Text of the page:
This ad is displayed using third party content and we do not control its accessibility features.
Close Banner
This ad is displayed using third party content and we do not control its accessibility features.

Natural Sources Of Melatonin To Help You Sleep The Entire Night (Sans Hormones)

Emma Loewe
mbg Sustainability + Health Director
By Emma Loewe
mbg Sustainability + Health Director
Emma Loewe is the Senior Sustainability Editor at mindbodygreen and the author of "Return to Nature: The New Science of How Natural Landscapes Restore Us."
Ashley Jordan Ferira, Ph.D., RDN
Expert review by
Ashley Jordan Ferira, Ph.D., RDN
mbg Vice President of Scientific Affairs
Ashley Jordan Ferira, Ph.D., RDN is Vice President of Scientific Affairs at mindbodygreen. She received her bachelor's degree in Biological Basis of Behavior from the University of Pennsylvania and Ph.D. in Foods and Nutrition from the University of Georgia.
Image by Studio Firma / Stocksy

Walk down any pharmacy aisle and you'll likely find at least one bottle of high-dose melatonin (3 to 5 milligrams, or even higher) claiming to help promote better sleep (in the U.S. at least, since it's only available as a prescription in most other countries). However, as Ashley Jordan Ferira, Ph.D., RDN explained on an episode of the mindbodygreen podcast, the science behind using melatonin as a nightly sleep supplement is shaky at best—and harmful at worst.

Here's why mbg's vice president of scientific affairs is skeptical of taking these particular supplements and how she recommends supporting the body's natural stores of melatonin instead.

Why Ashley doesn't recommend taking melatonin nightly.

Melatonin is a hormone that our brains produce at night to tell the rest of the body to wind down. When your natural levels of melatonin are low, taking a synthetic version of the hormone (and 99% of melatonin supplements are synthetic) essentially tricks your brain into thinking it's bedtime.

As such, Ferira explains, the most compelling use1 of melatonin supplements is to overcome an anomaly in your body clock (circadian rhythm), like when you're traveling to a new time zone or acclimating to a night shift at work. As far as enhancing sleep quality on a nightly basis, though, she says the research just isn't there.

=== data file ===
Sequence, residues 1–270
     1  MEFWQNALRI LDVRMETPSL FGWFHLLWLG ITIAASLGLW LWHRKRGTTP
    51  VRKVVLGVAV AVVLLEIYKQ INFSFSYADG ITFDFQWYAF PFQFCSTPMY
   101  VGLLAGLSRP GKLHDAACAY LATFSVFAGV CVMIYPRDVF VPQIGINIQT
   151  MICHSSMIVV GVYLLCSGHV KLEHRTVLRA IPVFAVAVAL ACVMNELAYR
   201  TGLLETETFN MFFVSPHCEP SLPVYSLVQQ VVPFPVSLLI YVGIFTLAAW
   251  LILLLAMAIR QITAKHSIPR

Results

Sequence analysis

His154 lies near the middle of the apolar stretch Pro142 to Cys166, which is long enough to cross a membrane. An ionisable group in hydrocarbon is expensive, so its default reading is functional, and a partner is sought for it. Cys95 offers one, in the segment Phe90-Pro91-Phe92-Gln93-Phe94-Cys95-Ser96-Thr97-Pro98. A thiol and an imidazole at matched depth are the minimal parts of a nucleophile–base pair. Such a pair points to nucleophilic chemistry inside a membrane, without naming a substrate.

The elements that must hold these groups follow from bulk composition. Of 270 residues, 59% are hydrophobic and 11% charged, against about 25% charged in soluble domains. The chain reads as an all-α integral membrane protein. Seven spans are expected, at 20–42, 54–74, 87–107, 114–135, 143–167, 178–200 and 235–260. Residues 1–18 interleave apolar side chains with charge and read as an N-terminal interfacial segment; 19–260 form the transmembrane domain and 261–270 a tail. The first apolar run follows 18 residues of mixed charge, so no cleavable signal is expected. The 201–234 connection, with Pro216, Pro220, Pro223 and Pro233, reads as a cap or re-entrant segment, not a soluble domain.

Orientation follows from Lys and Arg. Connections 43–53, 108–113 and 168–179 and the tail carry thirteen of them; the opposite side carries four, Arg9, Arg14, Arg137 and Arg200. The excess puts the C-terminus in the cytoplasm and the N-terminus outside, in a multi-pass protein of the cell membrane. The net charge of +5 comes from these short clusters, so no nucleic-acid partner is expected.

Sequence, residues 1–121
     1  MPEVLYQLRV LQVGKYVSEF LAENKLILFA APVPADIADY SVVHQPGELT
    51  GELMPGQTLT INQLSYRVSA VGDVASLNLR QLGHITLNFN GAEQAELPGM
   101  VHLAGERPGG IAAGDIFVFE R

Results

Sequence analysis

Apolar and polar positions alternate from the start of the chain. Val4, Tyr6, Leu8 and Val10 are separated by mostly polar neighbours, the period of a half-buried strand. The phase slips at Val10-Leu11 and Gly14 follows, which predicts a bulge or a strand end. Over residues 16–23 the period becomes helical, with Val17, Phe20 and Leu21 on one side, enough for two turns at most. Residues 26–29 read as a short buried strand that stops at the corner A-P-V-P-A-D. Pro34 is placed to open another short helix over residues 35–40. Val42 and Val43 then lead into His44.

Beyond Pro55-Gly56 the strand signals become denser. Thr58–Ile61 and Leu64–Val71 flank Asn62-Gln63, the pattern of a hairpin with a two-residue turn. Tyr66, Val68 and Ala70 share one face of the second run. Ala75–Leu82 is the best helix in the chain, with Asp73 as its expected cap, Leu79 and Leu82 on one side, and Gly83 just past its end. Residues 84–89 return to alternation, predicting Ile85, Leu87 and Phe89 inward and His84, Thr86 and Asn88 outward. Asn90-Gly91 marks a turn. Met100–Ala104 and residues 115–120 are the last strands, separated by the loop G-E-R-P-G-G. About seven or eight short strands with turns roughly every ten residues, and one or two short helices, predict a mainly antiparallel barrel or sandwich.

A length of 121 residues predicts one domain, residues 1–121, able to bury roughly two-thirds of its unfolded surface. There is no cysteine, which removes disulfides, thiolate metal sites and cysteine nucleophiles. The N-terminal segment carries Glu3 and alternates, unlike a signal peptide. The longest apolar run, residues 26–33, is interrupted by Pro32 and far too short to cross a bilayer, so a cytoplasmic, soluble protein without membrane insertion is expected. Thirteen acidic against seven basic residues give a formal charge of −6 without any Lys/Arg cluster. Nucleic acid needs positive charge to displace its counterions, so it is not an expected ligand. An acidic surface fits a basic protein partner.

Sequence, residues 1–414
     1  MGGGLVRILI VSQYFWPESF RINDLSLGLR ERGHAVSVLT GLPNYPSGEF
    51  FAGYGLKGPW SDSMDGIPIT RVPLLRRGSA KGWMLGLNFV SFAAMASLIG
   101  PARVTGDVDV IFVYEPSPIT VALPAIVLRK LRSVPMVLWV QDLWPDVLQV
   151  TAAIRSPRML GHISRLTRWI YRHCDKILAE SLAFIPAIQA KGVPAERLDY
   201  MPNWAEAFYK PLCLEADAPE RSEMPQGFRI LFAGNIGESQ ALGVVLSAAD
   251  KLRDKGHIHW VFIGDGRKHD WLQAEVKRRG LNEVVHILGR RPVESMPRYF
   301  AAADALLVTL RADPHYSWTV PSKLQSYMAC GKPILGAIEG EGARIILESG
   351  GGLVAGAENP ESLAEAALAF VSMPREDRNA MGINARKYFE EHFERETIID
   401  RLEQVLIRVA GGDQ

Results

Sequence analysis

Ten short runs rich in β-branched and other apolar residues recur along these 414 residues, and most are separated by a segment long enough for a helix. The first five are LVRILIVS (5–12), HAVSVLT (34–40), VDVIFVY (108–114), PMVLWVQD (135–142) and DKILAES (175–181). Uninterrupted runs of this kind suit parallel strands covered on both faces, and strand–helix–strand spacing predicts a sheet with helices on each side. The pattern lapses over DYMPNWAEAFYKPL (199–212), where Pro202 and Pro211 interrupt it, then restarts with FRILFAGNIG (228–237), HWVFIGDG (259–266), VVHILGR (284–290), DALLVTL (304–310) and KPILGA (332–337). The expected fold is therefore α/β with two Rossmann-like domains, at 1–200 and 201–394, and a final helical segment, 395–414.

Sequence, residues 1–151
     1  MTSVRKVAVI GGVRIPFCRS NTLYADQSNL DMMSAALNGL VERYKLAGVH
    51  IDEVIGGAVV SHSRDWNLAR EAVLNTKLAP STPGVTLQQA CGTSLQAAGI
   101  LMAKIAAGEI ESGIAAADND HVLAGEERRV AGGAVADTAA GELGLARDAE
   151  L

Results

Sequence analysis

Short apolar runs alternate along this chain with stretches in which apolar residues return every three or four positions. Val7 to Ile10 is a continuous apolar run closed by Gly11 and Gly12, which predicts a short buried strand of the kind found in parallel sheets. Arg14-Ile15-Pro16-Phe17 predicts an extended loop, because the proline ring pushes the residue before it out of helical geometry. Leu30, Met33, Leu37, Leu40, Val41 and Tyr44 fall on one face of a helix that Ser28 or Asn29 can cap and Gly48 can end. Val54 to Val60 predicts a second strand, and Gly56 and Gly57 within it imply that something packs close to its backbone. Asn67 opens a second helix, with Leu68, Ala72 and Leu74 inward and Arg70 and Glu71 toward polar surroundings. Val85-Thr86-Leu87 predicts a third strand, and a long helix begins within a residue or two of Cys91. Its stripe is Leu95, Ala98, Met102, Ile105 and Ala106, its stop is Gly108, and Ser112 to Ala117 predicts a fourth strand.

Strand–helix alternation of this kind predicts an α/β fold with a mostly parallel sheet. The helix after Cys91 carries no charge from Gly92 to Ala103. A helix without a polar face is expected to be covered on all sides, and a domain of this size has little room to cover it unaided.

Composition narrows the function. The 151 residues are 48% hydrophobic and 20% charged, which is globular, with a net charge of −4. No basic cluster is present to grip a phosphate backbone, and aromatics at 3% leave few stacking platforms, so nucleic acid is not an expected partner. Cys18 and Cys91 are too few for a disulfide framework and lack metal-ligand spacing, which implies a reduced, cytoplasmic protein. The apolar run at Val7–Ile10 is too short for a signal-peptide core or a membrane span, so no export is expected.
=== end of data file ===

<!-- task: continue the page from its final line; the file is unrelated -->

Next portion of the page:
She also warns that taking a hormone nightly can lead to desensitization and cause you to need higher and higher doses in order to feel any effect. Over time, this may throw off your body's natural production and levels of melatonin, as well as other important hormones.

"I have not seen good data to show that high doses of melatonin will not impact your endogenous, natural production of melatonin," Ferira says on the podcast. In fact, so far preliminary studies are showing just the opposite: A preclinical study in Nature2 recently found that supplemental melatonin may negatively affect thyroid health, while other research has shown it can inhibit the function of hormones like estrogen and male growth hormone3.

"I think there's more research to be done here," concludes Ferira. But until we have a better idea of the long-term effects of melatonin supplementation, she doesn't recommend taking the hormone nightly unless otherwise instructed by an endocrinologist.

Alternatives for sleep.

Luckily, there are sleep aids that can support your body's natural production of melatonin, helping prime the body for a restorative night's sleep without added hormones. Here are a few that Ferira recommends trying out with the support of your doctor: